Living the dream. Beyond my wildest dreams. I never dreamed… Pinch me, I’m dreaming. These are some of the comments people make when something happens that they never believed would come to pass. Usually it’s something good. (Of course, if it’s something bad and they still want to address it in like manner, they might use the word nightmare instead.)
But why the emphasis on dreams anyhow? In the truest sense of the word, a dream is something that normally happens when we are not awake. Some people believe that dreams are a sort of illusory wish fulfilment – that our subconscious goes into overdrive once we’re asleep taking us places and helping us do things that we are unable to while awake. I don’t know if I want to buy this completely because what would explain nightmares?
The other explanation is that dreams are pictures (think movies) our minds create while we are asleep – I can live with that.
But then there is the other type of dreaming, that which occurs while we are wide awake. Daydreaming. To me this is the best kind and it’s good for us.
Apart from helping us to set goals, it gives temporary escape from reality and can be a good way to release pent-up emotions without physically acting them out. Daydreaming allows us to leave the world behind and ruminate on what can be.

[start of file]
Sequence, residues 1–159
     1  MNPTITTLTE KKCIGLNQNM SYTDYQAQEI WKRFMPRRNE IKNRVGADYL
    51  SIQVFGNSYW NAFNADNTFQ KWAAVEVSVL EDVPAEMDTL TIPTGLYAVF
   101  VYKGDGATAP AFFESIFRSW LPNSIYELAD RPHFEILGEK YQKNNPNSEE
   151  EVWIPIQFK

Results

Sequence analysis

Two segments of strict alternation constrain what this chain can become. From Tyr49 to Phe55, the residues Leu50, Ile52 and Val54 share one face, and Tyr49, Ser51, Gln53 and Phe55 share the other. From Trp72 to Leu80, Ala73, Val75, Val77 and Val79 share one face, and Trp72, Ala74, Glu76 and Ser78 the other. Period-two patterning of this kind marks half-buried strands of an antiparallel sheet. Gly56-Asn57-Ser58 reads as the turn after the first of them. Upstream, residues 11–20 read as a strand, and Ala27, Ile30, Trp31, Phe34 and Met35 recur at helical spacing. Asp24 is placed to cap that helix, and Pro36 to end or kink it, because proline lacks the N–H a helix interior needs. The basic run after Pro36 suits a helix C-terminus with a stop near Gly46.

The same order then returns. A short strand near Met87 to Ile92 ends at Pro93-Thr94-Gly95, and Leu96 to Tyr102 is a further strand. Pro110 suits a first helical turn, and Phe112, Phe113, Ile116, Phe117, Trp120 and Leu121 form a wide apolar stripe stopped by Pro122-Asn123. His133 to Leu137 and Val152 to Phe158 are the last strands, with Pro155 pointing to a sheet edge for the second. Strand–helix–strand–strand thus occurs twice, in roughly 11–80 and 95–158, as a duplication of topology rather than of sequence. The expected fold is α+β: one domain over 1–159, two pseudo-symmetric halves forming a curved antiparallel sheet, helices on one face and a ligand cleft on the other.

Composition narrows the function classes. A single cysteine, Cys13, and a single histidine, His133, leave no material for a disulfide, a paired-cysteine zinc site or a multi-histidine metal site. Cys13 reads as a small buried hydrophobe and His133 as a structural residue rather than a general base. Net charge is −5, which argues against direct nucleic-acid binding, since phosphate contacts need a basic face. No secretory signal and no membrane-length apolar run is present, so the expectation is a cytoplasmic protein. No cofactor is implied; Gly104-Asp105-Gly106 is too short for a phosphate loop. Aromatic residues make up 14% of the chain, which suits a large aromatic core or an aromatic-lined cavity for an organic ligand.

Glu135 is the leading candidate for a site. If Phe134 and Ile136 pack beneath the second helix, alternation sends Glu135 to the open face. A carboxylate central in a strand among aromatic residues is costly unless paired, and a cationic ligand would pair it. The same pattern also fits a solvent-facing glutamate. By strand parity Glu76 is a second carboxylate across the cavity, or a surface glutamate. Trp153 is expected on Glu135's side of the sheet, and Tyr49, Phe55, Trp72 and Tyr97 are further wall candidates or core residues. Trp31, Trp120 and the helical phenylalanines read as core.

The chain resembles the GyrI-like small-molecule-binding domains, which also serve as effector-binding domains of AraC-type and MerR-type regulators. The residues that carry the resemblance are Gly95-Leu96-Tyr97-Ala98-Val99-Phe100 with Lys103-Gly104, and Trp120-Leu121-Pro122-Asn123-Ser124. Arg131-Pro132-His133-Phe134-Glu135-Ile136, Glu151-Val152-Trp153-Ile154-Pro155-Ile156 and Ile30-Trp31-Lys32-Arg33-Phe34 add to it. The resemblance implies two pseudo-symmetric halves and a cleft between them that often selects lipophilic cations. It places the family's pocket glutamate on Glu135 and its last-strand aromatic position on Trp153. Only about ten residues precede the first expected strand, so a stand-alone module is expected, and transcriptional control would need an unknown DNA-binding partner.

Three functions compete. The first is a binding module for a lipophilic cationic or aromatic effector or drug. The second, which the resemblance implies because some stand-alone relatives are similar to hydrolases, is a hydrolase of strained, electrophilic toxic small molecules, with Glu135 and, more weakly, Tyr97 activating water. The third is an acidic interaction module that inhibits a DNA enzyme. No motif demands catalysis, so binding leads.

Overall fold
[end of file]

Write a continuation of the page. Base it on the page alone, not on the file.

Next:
While some see it as fanciful and wishful thinking, positive daydreaming is healthy; it is the unfettering of the imagination and should be encouraged. We have a duty, however, to not just daydream, but to strive to live our dreams.
This week, we said a poignant farewell to Oluatoyin Samantha Alleyne-Williams or Sam, as she is fondly known. A contributor to The Scene from its inception nine years ago, Sam has been with the Stabroek News for more than double those years. She started straight out of high school and only took a year off to complete her MA in England.
Writing for The Scene would have afforded Sam the opportunity for respite from the heavy reporting she normally did. She has made countless contributions to this very column as well as done a great many interviews and other stories. But the fact of the matter is that she has always been one of those ‘bleeding-heart’ journalists. She worked hard at pursuing stories that could evoke change, even if it was just to touch a single life and succeeded more often than not. Though this was not something she bellowed from the rooftop, it clearly engendered a sense of satisfaction.
It was obvious that Sam dreamed and then set out to fulfil those dreams.
It is likely because she never stopped dreaming that she arrived at the current crossroads in her life that saw her switching professions and stepping into previously unchartered waters. But perhaps they will take her to a place where she can do, rather than write about what should be done.
What we know for sure is that because of her work ethic, she will continue to strive for excellence. We want to encourage her to never stop dreaming. All the best Sam, from The Scene.